Our next stop was to the Southwest side where we gave food, water and supplies out on the corners, at the car washes, bus stops and everywhere people were in need. We also gave out some dollars to families standing out with children on the corners. You could look in people's eyes and tell who was in deep need from Ike. Julia's friend Nikki called me throughout my rotation and told us that Katy, TX had all the ice we needed. 52 bags of ice later we drove from Katy, TX to J Prince Gym on Jensen in the 5th Ward and ran into the street being blocked on the way. At first I thought the street was just flooded until I realized we were looking at a 14ft underpass full of water with a train riding over it. The gym looked closed at the time so we just assisted however we could throughout the 5th Ward until the ice and supplies ran low. Now with a soaking wet trunk we drove back to Katy, TX and grabbed 52 more bags of ice. Why 52? Shit I don't know. We grabbed 52 bags the 1st time and knew the exact cost, so there. This time we headed straight for Acres Home. My boy Dewayne from Garden City Projects told me their people were starving over there since the storm and needed help badly. When we pulled up it was the same story. There was no electricity, no food, no ice and some water.
My stop in Garden City was memorable. They really look out for their own out there. When we pulled up we didn't have to do anything. Dewayne and a couple of others took charge delegating the food, ice, etc. to their people in need. Sitting back watching you could tell that they had structure and a system throughout their community. You could tell that they were all sticking it out together as one. Once our supply ran low we took it all the way back to Katy, TX again for another round of ice. We finally refueled and took a few minutes to eat. Not realizing that everything shuts down at 7 p.m. because of an eight o'clock curfew, we rushed in for more ice and food. We did not have 52 bags of ice this time. Lol. We took it back to the Southwest side where we routed up with Fiya who was in need at the time. She told us that her entire area was in need but we didn't have enough to make a full run and I put it on to do list as soon as we re-stocked on food. We had mainly ice at the time. As she continued to speak her story started to match DJ Chill's story on making money from music in the streets during a time of crisis. Her question was how is she now going to eat when no one is concerned about buying music, going to shows and any other local music business doing a time in need. DJ Chill asked this same exact question. His response was to now make sure he is better prepared to operate making money by some other means during such crisis. This is something we all should take into deep consideration.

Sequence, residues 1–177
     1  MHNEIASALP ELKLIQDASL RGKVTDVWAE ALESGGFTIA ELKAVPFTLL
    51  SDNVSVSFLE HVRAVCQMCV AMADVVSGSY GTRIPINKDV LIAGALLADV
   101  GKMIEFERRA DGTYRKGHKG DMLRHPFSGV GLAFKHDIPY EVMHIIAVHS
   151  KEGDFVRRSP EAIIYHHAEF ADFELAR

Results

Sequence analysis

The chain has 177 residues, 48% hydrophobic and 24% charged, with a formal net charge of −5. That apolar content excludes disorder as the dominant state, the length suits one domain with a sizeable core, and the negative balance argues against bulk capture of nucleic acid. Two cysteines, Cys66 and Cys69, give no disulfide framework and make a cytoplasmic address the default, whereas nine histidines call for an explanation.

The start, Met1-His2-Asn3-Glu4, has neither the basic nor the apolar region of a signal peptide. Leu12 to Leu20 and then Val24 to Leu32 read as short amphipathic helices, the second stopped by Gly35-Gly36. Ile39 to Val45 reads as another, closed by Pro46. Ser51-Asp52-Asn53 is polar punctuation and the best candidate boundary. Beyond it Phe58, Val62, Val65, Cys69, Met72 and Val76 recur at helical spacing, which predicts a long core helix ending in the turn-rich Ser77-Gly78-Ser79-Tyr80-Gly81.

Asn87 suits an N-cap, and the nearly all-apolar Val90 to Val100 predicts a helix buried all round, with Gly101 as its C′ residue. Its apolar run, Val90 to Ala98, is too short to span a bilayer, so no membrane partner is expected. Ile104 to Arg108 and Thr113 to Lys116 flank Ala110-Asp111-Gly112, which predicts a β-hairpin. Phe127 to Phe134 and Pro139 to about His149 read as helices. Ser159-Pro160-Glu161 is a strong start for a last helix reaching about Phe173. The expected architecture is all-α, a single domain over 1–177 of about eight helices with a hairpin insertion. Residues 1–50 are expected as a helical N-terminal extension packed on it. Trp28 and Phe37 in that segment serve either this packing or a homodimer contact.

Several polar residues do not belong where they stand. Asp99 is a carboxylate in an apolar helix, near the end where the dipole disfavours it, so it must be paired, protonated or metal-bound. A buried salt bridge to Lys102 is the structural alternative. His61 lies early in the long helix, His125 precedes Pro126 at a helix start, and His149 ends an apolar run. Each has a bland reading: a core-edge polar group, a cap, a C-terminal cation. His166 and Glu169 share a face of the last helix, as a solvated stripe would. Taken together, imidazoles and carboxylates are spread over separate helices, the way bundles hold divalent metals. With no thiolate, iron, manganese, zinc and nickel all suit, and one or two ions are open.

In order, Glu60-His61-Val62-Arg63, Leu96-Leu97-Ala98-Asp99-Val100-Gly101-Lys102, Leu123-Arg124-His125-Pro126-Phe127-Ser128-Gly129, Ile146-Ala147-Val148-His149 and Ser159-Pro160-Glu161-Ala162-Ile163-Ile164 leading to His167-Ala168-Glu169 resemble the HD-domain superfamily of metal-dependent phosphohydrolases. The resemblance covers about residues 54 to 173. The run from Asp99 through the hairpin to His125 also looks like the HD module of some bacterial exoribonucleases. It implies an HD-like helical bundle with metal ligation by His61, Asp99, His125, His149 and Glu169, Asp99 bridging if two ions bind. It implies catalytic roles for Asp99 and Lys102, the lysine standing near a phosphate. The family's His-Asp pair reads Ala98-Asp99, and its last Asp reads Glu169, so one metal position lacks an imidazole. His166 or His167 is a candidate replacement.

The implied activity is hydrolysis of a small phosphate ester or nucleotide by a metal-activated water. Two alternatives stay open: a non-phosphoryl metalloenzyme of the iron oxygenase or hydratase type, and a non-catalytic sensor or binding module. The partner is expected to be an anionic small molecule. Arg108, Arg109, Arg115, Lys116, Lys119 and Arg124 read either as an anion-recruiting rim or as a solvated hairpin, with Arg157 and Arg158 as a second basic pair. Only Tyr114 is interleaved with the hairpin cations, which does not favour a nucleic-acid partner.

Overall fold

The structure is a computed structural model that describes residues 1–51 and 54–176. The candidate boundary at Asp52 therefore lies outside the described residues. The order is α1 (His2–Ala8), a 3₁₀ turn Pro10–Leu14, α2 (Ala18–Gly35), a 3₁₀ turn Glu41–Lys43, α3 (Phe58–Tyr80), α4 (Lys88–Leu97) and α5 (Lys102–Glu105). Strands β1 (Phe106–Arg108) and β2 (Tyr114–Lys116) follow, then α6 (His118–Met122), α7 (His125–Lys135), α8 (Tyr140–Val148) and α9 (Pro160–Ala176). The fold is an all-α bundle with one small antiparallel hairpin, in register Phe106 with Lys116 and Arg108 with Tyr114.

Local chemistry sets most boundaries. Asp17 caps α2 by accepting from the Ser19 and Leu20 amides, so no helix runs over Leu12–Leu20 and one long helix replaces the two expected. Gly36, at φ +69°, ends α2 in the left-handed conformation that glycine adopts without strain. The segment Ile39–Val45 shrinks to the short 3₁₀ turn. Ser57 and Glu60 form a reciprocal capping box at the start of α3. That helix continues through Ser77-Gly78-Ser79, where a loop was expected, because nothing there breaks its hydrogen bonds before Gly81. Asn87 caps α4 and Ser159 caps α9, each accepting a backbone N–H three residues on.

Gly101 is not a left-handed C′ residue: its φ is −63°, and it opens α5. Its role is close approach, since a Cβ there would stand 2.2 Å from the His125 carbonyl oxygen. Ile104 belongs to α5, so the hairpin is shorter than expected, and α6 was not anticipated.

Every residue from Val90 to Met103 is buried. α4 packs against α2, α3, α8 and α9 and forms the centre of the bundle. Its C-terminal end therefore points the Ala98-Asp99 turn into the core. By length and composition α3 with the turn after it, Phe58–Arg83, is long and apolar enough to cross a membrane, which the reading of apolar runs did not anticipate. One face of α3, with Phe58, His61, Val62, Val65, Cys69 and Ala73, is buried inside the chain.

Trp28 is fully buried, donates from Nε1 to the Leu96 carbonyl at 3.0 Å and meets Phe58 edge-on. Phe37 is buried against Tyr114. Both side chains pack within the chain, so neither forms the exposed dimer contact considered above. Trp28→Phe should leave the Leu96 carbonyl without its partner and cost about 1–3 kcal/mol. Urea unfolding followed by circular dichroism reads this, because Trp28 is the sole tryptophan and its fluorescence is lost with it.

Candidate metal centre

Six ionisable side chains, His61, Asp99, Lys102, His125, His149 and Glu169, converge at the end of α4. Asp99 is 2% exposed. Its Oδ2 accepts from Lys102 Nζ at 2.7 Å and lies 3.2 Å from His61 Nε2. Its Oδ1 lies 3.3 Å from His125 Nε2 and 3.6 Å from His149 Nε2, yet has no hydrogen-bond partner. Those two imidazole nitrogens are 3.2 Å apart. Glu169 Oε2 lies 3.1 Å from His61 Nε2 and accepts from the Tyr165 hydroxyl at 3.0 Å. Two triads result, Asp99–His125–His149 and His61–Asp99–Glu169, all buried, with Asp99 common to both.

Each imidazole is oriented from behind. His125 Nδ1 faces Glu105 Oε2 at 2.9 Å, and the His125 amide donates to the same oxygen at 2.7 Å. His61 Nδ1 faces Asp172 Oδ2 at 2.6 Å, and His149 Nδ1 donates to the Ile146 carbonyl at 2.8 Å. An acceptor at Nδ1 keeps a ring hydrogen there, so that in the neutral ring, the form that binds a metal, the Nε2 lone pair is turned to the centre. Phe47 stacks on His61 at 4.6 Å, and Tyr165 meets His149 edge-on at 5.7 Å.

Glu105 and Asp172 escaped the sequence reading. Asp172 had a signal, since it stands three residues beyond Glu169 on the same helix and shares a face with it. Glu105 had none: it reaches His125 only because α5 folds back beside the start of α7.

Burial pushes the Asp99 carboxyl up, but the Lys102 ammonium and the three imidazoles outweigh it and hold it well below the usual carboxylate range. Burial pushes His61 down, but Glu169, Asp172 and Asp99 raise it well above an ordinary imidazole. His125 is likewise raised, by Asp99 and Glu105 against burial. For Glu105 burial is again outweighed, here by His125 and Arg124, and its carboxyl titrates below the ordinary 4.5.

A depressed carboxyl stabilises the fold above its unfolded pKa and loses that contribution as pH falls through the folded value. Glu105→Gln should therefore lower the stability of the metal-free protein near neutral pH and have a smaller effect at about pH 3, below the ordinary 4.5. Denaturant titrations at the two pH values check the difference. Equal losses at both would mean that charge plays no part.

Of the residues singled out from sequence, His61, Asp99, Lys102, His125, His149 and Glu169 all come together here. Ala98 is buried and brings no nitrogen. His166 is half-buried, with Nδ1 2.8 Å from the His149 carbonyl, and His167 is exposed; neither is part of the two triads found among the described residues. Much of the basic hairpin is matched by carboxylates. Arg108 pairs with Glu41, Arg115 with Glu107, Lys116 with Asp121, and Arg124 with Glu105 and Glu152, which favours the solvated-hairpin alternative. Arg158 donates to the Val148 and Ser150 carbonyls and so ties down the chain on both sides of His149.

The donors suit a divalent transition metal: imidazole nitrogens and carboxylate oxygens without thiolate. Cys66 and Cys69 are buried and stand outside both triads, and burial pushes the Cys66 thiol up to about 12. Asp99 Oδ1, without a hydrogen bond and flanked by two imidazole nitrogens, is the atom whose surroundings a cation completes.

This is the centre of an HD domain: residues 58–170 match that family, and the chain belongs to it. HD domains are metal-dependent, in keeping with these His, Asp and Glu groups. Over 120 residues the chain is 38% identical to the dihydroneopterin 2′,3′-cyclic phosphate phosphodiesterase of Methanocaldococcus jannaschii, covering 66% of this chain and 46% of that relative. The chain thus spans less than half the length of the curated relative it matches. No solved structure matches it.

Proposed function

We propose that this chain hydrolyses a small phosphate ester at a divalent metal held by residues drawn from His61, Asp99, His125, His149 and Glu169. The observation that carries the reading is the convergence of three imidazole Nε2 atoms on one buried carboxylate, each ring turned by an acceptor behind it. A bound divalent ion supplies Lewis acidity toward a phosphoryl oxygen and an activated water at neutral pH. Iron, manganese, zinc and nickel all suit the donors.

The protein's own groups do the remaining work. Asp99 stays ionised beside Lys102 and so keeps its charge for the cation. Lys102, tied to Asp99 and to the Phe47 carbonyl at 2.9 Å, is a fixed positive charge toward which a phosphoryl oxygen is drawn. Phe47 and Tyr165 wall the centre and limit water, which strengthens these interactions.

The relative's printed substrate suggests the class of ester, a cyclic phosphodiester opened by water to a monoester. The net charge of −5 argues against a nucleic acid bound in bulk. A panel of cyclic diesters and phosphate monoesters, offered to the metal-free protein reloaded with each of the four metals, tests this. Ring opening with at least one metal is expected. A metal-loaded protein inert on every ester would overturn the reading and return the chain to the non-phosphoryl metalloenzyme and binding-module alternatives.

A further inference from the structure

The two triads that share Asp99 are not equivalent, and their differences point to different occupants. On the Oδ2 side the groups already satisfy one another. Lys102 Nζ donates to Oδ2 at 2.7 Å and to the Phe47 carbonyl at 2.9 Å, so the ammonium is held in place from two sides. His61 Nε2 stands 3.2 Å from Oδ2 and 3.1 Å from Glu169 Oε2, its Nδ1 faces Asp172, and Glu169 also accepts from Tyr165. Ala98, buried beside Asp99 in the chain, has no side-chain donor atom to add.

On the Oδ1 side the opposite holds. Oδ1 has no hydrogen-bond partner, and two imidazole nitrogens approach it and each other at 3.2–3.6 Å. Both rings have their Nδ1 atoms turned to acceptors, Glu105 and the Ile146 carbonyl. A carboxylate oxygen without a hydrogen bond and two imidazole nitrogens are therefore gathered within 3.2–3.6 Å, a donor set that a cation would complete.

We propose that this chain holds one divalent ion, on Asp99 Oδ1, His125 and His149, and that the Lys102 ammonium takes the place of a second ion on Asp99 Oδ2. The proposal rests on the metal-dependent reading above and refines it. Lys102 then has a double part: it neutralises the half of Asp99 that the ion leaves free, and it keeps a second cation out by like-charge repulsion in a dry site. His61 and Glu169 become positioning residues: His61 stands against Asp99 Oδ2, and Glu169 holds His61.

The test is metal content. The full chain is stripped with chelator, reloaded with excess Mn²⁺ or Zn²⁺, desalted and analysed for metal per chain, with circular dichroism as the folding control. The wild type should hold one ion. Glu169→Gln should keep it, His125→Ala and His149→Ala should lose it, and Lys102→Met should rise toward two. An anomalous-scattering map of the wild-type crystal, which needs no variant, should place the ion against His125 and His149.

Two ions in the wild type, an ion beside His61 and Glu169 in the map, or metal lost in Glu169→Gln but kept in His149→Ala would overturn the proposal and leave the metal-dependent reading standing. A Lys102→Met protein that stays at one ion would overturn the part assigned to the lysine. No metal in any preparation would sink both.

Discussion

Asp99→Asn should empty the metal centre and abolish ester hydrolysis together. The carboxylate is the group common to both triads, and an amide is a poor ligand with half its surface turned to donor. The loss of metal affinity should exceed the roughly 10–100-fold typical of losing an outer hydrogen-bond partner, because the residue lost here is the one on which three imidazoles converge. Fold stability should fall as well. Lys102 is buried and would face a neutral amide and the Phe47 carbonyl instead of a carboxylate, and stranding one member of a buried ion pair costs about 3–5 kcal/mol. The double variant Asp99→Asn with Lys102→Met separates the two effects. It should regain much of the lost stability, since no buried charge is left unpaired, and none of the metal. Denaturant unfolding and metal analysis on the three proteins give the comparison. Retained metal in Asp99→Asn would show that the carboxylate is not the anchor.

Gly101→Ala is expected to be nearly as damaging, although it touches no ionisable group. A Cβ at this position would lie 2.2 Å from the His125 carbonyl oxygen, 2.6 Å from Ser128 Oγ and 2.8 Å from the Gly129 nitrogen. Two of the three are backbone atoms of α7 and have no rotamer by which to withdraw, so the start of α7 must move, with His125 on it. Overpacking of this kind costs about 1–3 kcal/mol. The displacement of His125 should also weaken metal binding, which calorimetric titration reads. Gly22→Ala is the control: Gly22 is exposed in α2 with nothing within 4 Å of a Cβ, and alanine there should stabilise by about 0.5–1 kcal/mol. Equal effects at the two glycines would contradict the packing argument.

We actually went back through Acres Home because a lot of the elderly people were unable to get ice and they were high on our priority list. This time we pulled up on J Dogg sitting in the back. He was actually there earlier but we missed each other. He told us that he would be right there with his people throughout the good and bad and that he really appreciated and respected Ozone Mag for assisting his people in a time of need. With melting ice we headed to 288 South and Scott. I forgot the name of the complex we were in, but you know the story. Of course total darkness. From there up through South Park, police were jamming up anybody walking the streets past the 8 p.m. curfew. We routed back up with DJ Chill and headed to his house once again for another night in trenches.
Wednesday, Day 3, I expected the conditions to begin to get better. I knew today's run would be lighter. I mean it had to be even though I'm still sitting in DJ Chill's house with no running water and power. The first move I made was running directly into a jammed up gas station and I knew my only hope was driving back to Katy, TX to refuel and re-stock up on food, ice and supplies. This time I put my focus on the 3rd Ward and spend most of my morning there playing catch up from the previous two days. Although it was bad, the 3rd Ward didn't seem to be like the other urban hoods in the city therefore I went back through the 5th Ward and then back to the Southwest to meet up with Fiya. This time we worked as much of the Southwest as we could before running low again. Again we were being told the same stories on how thankful they were that Ozone Mag came through and how they could not believe that no other assistance was in their reach. Julia told me about Trae needing more volunteers at a relief station he had set up but Fiya and I had melting ice that I had brought from Katy, TX at the time.
On my way out of the city I did a quick spot rinse through the city. I also stopped back through Acres Home to drop whatever I had left and yes, J-Dogg was still there with his people as he said the previous day so I grabbed my camera for a few photos in Garden City.
I never saw anything that resembled FEMA, any news cameras, power/light trucks or pod relief stations in any of the places I passed through with food and supplies. Much love to Trae for what he was doing to help on his side. I heard he put together a full running relief station with FEMA and the city. I know some of you are thinking why some of these people didn't go to the destination POD/Relief stations set up by the city. When you have no money, have not eaten in a day or longer, no access to running water and no means of transportation it makes it just a little bit harder to move around; especially going to wait in line for hours just to receive a case of water, 1 bag of ice and other things. Much love to Wap1 for taking that ride with me with no warning. Much love to Brandi Garcia. I hit Brandi up about what we were doing and she had Ozone on radio within two minutes. Thank you to the On Air Divas (D-lyte & Ebony) on K104 for keeping DFW aware of what we were doing. Much love to Dewayne and J-Dog from Acres Home (Garden City Projects). You all made sure your people were straight. Much love to Fiya for looking out for the Southwest side and definitely to DJ Chill for helping us support South Park. My drive out of Houston was quiet and depressing at first. I felt like I could have done more and that I should have stayed for another day, but then I realized what more could one to two people do on a limited budget in the 4th largest city in the U.S.? Once I got a great distance away I was able to bathed, get gas with no problems, and eat whatever I wanted with full access to electricity. It registered with me on how real life is. Fu%k all of the bullsh%t WANTS because in your time of NEED your WANTS do not mean a damn thing.